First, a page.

How to Hook Up Your Internet
Hooking up your internet should require you to just plug in a couple cables and wait for your modem to boot up. Of course, sometimes it isn’t that easy.
But wait, don’t get frustrated just yet! If you need help troubleshooting a wired connection or setting up a Wi-Fi network, we’ve got tips on how to connect your computer to the internet. In this guide, we’ll explain how to connect your modem (and router if you have one), test and troubleshoot your internet connection, and set up and connect to your wireless network.
Ready? Let’s get started.
1. Connect your modem
Before you power up your modem, you’ll want to connect it to your computer and your phone jack or cable outlet.
To connect it to your computer, plug one end of an Ethernet cable into the Ethernet or LAN port on the back of your modem, then plug the other end into the Ethernet port on the back of your computer.
Your modem should come with an Ethernet cable, but any old Ethernet cable will do. (If you don’t have one on hand or the one that came with the modem is too short, check out this five-foot Ethernet cable on Amazon.)
Connect the modem to a phone jack or cable outlet
If you have DSL internet, you’ll plug your phone cable into the DSL port, like the image on the left. If you have cable, you’ll plug the coax cable into the “Cable In” or “RF In” jack, like the image on the right.
Next, connect the modem to your phone jack or cable outlet.
Which one should you use? It depends on the type of internet service you have:
- DSL internet plugs into a phone jack with a phone cord.
- Cable internet plugs into a cable outlet with a coaxial cable.
But, whether you have cable or DSL, both need to plug into your wall for your internet service to work.
Think of it like pumping gas into your car. Without gas, your car goes nowhere, just like your computer can’t surf online without an internet connection.
So you “connect” your car to the gas pump with the nozzle—but without power, the gas pump won’t work. You need both a connection to the power grid and a connection to the pump to get gas in your car and drive off into the horizon.
Likewise, you need a connection to the power grid and a connection to your internet service to binge-watch The Irishman on Netflix or check your email.
Plug the modem into a power outlet
Last but not least, connect the power cord to your modem and plug it into your power outlet.
Now watch those lights on your modem come to life as it boots up. Patience is key here—this can take anywhere from 30 seconds to a minute or two.
2. Connect your router to the internet (optional)
If you want to connect multiple devices to the internet through a wired or wireless connection, you’ll need a router. (Don’t have one on hand? We’ve picked our favorite wireless routers.)
You can set your router up right along with your modem. Instead of plugging the modem directly into your computer, you’ll plug it into the router with an Ethernet cable. After that, you’ll take a second Ethernet cable and connect the router to your computer. In essence, you’re linking your computer to the modem through the router.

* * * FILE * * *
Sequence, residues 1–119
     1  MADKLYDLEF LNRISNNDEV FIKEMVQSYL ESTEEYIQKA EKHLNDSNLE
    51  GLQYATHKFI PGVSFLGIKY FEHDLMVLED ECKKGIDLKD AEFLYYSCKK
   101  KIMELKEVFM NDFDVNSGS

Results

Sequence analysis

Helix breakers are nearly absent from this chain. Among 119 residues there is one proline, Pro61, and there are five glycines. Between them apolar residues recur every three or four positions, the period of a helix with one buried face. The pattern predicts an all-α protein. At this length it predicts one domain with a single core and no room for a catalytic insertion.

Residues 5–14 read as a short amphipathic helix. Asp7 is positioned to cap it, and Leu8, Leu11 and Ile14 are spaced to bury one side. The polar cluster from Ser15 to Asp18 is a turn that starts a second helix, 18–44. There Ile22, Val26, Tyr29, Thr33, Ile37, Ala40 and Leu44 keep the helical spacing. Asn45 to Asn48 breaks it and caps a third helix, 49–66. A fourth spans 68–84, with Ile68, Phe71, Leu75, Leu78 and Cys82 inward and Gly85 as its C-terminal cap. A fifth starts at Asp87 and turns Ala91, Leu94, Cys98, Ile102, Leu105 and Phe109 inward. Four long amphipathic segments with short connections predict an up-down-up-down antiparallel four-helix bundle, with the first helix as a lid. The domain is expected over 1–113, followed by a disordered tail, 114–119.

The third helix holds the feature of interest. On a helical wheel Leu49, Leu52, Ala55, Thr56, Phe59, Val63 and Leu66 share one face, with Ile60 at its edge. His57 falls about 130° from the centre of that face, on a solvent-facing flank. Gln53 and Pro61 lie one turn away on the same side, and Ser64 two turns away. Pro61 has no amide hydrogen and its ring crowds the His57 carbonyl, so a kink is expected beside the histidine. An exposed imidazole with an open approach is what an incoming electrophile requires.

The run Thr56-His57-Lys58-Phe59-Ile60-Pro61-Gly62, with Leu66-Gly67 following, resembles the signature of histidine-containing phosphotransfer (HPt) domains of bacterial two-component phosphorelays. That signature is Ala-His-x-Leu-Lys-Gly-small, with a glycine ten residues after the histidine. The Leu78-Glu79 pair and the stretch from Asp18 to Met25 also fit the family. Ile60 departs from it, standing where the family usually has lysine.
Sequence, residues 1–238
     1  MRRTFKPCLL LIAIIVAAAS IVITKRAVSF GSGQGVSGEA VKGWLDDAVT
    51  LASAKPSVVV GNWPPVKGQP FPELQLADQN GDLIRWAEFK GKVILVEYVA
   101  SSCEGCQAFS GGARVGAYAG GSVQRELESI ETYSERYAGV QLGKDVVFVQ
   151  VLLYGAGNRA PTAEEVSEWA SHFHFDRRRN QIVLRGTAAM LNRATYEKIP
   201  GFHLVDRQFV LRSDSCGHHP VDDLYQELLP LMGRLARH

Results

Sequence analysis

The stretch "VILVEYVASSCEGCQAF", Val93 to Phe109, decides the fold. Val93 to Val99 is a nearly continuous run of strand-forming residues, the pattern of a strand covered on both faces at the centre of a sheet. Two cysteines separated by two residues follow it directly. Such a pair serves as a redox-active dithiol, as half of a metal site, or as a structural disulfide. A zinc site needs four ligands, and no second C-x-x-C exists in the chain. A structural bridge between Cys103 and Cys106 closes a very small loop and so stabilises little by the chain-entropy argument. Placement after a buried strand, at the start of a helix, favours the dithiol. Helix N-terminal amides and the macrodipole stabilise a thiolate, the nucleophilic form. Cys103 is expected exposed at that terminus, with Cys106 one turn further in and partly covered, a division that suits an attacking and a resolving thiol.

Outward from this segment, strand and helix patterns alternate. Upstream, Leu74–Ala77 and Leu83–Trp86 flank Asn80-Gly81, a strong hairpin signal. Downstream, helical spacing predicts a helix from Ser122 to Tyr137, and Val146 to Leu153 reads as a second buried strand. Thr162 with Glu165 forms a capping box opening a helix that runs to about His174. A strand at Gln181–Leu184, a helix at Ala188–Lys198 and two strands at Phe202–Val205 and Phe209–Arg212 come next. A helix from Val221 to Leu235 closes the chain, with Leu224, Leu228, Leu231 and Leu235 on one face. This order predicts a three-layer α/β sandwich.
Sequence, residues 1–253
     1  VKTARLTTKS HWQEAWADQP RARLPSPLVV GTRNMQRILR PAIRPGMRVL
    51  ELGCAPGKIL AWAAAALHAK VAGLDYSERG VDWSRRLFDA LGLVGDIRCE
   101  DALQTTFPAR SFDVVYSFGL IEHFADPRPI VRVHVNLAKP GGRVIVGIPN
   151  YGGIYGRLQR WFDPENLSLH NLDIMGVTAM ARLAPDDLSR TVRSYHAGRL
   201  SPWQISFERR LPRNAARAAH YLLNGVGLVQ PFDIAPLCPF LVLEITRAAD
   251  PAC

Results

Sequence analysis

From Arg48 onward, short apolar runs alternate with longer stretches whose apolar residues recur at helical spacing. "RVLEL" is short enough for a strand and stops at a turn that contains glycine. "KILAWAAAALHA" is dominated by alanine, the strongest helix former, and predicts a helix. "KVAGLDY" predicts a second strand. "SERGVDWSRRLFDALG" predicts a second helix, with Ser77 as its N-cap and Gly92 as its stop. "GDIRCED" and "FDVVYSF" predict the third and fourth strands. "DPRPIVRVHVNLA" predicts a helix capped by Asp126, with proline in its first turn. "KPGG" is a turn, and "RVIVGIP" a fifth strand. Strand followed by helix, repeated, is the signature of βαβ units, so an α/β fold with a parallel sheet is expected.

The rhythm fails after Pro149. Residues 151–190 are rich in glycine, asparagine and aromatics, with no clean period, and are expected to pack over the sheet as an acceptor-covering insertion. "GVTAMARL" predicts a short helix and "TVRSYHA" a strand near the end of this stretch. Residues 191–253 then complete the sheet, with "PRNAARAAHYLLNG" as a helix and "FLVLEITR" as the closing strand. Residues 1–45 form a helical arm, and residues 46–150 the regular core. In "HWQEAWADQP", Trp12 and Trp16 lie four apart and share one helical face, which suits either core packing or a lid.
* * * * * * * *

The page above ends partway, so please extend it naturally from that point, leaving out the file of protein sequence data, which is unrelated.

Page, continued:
3. Test your internet connection
Once your modem and router (if you have one) are booted up, it’s time to test your internet connection.
Open your web browser and head to www.google.com or another search engine. If the web page loads, congrats! You’ve got an internet connection.
What if you don’t have an internet connection?
Did your web page not load? Don’t panic, there are a few more steps you can take to troubleshoot the problem:
- Try loading a different website or use a different device. If a different website loads, it could be that the first website you tried is down. If a different device connects to the internet just fine, the problem might be with the first device you tried to connect.
- Restart your computer. Once your computer’s done rebooting, test your internet connection again.
- Check your cable connections. Make sure the coax cable or phone cable, Ethernet cables, and power cord are all securely plugged in and attached to your modem and router or computer.
- Power cycle your modem. Unplug your modem’s power cord, disconnect your router if you have one, and let the modem sit for a few minutes. Then plug the modem back in and let it boot up all over again. After it’s done booting up, you can plug the router back in and let it boot up too.
- Register your modem’s MAC address. Your internet service provider (ISP) needs your modem’s MAC address to connect you to the internet. The MAC address should be listed on a label attached to your modem.
- Make sure you’re connected to the right network. If your computer is trying to connect to an old network, you might not get that glorious internet connection you seek. Check out our mini-guides on how to connect to a network on Windows and on a Mac below.
P.S. Is your internet more of a turtle than a hare? You might be able to speed things up with a few easy fixes—check out our guide on how to speed up your internet to find out how.
4. Set up your modem and network
Once you have a tried and true internet connection, it’s time to set up your modem and network.
Go to your modem’s administration panel by typing the modem’s IP address into your URL bar. Common modem admin IP addresses include 192.168.0.1 and 192.168.1.1. You can usually find each modem’s admin IP address on the back of the modem.
Set up a password and security protocol
Your modem’s default username and password are likely set to “admin” or something similar.